The Fujifilm XF23mmF1.4 R is boring (and that's amazing)

When writing about gear, I typically try to limit myself to solutions for problems I faced, or some New Shiny™ that really piqued my interest. This is an exception. It's an ode to my favourite lens.

Half a year after having started shooting with a Fujifilm X-E1 and the XF18-55mmF2.8-4 R LM OIS kit lens, I was considering buying a lens with a wide aperture for greater creative freedom. I checked which focal length I used most often and at the time ~ 75% of the shots I kept were somewhere around 23 mm (~ 35 mm full-frame equivalent) leading my to buy the Fujifilm XF23mmF1.4 R.

I won't lose to many words about the overall quality of this lens. Many people have done so before me and most of them have a lot more experience with photography and gear than I do. The focal length is versatile, the build quality and the overall image quality are great. Placing the field of focus is easy, and considering the amount of glass that has to be moved, it focuses quickly enough.

What I love most about the 23/1.4, though, is the fact that it's so boring, so predictable, so utterly unspectacular. In other words, it's dependable.

The two characteristics that influence the dependability and predictability of the lens the most are sharpness and the way it makes out-of-focus areas look.

Sharpness

Even wide open, the lens renders sharp pictures across ~ 70% of the frame from the center. More importantly, though, this doesn't change based on the subject distance. I can shoot close-ups at ƒ/1.4 and be sure that the center of the frame is going to be tack sharp while anything behind it ends up an unrecognisable blur. When shooting landscapes in waining light at the widest aperture, I know that the result is still going to be good.

Rendering of the out-of-focus areas

Many great lenses can also be capricious at times, where the way the out-of-focus areas are rendered can vary wildly depending on the subject distance and aperture and lead to less than desirable results sometimes, like overly busy looking backgrounds. The XF23mmF1.4 R delivers absolutely consistent results that take a lot of guesswork out of taking pictures. I choose my subject, the distance and angle, and pick the aperture I want.
Furthermore, the progression from sharp to blurry moving from the in-focus subject to the background feels almost linear (depending on the composition). The same holds true for aperture changes from ƒ/1.4 to ƒ/8.

Mika's front paws

If I could improve one aspect about the 23/1.4, it would be the addition of weather sealing. As one of the older optics in Fujifilm's line-up, it's not sealed against the elements.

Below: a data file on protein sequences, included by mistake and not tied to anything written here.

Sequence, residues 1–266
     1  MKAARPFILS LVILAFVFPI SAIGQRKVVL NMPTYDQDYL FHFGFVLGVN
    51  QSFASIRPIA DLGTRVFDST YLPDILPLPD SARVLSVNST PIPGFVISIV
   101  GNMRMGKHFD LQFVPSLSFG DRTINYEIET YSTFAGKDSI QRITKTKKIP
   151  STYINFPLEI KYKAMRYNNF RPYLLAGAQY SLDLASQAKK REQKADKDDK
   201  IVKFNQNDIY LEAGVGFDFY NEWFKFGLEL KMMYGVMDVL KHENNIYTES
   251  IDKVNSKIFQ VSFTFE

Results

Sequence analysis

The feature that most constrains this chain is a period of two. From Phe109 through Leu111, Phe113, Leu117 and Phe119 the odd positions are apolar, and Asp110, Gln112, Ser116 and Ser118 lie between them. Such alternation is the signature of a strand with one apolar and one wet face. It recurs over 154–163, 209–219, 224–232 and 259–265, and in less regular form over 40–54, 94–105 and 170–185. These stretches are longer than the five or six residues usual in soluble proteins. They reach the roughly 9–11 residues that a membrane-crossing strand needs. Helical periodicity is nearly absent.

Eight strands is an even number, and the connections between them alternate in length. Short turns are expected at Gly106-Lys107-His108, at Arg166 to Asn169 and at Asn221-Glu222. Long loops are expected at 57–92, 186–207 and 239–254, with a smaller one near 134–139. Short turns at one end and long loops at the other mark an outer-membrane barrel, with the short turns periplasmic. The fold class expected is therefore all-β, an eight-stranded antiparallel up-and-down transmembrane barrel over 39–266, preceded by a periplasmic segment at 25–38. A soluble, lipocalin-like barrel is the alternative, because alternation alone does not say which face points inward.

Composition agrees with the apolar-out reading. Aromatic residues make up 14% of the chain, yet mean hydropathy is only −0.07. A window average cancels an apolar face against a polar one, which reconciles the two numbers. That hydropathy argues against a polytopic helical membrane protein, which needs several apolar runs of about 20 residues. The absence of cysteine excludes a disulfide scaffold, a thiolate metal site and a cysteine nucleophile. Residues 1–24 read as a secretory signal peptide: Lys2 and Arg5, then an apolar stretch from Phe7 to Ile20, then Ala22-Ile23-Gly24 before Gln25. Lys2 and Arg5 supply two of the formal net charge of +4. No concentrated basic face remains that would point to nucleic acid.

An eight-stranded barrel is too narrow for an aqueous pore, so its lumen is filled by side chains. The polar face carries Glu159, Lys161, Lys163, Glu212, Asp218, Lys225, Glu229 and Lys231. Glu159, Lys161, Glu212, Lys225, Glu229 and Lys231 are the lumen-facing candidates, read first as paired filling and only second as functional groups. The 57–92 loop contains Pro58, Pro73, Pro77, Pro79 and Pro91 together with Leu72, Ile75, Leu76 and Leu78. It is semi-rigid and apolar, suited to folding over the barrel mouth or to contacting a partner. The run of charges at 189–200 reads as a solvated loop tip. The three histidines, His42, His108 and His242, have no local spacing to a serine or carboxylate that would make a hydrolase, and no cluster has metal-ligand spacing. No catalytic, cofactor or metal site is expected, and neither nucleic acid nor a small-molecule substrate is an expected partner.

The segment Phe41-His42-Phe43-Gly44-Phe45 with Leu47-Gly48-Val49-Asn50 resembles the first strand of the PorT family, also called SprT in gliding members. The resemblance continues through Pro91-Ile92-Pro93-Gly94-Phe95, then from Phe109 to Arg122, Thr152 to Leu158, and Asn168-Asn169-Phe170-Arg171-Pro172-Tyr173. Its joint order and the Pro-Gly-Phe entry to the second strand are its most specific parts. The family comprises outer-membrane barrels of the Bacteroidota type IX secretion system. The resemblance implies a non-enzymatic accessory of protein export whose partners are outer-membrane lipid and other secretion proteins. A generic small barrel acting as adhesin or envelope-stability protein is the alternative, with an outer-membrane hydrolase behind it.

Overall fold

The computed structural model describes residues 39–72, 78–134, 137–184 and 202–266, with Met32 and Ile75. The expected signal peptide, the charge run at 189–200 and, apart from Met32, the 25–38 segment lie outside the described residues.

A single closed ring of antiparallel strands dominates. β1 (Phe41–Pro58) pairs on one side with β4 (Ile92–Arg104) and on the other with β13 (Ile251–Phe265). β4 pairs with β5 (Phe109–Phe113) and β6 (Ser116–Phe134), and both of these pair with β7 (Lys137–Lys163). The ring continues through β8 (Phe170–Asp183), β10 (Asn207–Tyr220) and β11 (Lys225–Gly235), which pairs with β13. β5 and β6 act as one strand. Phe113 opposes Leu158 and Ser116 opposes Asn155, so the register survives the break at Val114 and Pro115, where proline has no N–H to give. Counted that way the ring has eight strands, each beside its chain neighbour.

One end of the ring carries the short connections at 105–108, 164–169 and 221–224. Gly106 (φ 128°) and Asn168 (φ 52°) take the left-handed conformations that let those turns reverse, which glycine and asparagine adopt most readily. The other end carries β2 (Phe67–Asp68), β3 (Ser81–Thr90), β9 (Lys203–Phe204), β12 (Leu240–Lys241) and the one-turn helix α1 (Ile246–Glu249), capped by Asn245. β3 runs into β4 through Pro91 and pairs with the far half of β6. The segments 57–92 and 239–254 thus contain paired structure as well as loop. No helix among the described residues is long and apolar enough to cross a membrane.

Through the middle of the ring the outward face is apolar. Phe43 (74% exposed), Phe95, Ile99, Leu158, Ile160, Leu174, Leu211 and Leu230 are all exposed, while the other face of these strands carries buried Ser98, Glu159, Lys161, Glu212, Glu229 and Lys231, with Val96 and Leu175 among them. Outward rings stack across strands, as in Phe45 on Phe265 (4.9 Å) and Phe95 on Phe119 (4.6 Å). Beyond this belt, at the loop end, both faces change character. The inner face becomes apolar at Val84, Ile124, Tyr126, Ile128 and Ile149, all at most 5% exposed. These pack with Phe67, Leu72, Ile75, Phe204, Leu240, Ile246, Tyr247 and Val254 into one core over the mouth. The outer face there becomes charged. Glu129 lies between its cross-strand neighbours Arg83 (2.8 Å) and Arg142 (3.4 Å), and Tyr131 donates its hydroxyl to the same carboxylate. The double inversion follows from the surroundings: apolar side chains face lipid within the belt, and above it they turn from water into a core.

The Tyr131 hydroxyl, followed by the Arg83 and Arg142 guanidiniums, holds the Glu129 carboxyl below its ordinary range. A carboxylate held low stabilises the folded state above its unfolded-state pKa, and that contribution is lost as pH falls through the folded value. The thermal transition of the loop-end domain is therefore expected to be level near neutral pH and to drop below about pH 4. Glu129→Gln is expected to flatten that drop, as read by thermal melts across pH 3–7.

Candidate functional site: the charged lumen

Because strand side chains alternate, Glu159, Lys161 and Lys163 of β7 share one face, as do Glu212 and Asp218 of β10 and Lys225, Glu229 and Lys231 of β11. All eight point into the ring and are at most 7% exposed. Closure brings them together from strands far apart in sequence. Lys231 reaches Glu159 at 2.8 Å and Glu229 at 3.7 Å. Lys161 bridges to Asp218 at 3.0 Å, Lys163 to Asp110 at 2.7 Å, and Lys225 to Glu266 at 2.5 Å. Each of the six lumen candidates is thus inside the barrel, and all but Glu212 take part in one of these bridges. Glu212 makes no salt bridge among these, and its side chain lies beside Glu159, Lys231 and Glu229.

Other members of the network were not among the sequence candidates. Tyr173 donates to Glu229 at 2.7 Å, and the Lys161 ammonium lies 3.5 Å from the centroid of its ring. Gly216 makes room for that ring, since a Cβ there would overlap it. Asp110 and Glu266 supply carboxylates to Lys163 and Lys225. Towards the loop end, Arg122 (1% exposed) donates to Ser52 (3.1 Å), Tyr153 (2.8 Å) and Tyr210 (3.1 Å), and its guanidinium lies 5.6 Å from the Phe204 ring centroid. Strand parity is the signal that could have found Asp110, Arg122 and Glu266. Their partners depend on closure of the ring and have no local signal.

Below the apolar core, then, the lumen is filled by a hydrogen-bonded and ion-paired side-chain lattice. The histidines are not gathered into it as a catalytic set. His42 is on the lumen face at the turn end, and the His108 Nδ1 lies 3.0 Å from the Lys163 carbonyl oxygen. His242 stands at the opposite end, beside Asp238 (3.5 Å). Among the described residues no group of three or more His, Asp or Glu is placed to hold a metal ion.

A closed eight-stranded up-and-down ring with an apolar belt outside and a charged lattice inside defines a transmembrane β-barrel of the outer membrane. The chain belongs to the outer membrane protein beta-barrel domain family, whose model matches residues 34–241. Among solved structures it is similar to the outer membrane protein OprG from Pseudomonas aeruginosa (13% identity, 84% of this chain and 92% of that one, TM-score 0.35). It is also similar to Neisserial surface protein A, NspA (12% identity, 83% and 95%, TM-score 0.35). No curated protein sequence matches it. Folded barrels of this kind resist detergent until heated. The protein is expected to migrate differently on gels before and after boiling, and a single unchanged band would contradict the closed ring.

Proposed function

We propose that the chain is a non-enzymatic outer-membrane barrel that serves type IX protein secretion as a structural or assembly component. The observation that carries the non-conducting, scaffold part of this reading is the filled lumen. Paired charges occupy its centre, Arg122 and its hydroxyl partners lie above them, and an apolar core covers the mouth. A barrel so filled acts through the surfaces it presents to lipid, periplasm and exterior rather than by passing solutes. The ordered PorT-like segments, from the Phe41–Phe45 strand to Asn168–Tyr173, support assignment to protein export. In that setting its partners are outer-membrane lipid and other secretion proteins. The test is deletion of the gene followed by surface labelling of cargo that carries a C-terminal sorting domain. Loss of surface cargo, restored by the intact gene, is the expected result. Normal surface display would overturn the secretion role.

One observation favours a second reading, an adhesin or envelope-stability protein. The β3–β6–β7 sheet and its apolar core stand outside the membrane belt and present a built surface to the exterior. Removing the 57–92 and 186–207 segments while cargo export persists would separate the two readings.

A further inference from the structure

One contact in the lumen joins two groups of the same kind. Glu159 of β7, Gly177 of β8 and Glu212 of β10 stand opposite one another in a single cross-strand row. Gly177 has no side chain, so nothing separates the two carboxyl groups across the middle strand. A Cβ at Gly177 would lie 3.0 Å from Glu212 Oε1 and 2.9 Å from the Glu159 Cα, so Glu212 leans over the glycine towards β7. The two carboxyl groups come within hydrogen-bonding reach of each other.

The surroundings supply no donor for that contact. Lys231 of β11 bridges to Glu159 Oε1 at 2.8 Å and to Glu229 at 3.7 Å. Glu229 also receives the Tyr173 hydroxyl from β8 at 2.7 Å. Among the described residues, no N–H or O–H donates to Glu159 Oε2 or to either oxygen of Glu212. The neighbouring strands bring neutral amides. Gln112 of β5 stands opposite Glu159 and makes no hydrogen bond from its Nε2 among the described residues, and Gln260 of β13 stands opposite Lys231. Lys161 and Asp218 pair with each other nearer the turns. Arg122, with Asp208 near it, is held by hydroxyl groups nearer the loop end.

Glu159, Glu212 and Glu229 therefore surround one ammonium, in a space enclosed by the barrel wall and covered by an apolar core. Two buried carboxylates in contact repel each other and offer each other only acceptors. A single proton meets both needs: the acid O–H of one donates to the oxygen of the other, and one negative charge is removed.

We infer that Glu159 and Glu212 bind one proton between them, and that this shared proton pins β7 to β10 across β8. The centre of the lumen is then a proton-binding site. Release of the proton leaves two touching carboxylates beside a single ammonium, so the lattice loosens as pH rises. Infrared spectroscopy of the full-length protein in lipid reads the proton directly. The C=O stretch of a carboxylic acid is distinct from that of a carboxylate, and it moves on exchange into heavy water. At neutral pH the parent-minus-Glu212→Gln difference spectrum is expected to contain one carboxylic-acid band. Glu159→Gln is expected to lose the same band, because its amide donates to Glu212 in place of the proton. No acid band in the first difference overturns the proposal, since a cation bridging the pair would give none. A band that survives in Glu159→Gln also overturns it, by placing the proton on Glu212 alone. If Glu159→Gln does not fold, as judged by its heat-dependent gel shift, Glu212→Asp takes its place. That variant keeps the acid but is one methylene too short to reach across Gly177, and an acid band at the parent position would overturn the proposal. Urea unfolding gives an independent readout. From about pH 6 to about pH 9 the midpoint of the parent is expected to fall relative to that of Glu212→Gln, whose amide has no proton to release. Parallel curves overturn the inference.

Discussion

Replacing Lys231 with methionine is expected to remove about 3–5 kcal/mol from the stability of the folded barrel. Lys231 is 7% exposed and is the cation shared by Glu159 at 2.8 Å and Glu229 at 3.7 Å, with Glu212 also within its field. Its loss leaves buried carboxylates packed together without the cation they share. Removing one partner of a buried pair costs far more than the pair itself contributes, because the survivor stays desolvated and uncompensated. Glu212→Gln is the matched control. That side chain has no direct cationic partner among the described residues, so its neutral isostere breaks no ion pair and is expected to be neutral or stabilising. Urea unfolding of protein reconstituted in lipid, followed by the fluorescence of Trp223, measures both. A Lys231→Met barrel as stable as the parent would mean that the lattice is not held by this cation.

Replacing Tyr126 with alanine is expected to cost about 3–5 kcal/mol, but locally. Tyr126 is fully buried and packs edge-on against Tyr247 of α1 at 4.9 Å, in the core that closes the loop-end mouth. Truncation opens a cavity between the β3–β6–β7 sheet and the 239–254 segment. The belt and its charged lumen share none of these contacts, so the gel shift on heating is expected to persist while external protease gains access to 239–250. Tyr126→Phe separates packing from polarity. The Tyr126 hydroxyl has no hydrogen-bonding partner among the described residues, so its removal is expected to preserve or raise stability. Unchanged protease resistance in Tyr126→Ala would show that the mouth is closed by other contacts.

Unfortunately the smaller, lighter, and weather-sealed XF23mmF2 R WR is no viable alternative. Its image quality is great but the rendering characteristics aren't nearly as predictable or dependable, making the lens less versatile.

Even so, the XF23mmF1.4 R is the lens I would take to a deserted island with me, the glass I would choose if I had to go with one lens for the rest of my days.

Photos January 2017

A month that started pretty meager in terms of photography but ended with a bang. At the end of January it was time for the annual company conference, which we spend it on a cruise ship in the Caribbean. This time I took a few days in Miami and Fort Lauderdale beforehand and visited the Everglades National Park.

A friend and I went there fairly early in the morning and rented two bicycles to take a 16-mile round course. It was great and I really want to do it again.

I crouched before this one about two metres away. I had never seen an alligator in the wild before and this was an absolute treat.

This dove was walking on the top deck of the ship like it owned the place. It was very cute.

Dove on deck

I never had a shot from a plane window come out this nice.

Ich warte noch drauf, CDU… na?

Eines meiner Kernprobleme mit den Einschränkungen des Ausdrucks von Religionszugehörigkeit. Es geht meistens darum nicht-christliche Religionen, Glaubensrichtungen, oder Philisophien aus dem öffentlichen Raum zu halten.

Den Tweet hier oben finde ich einen tollen ersten Vorstoß. Wir sollten damit weitermachen, dass das Unternehmen Kirche sich selbst finanziert und zwar völlig. Keine Kirchensteuer, keine separat davon durch Steuern gezahlten Gehälter der Angestellten der Kirche, etc.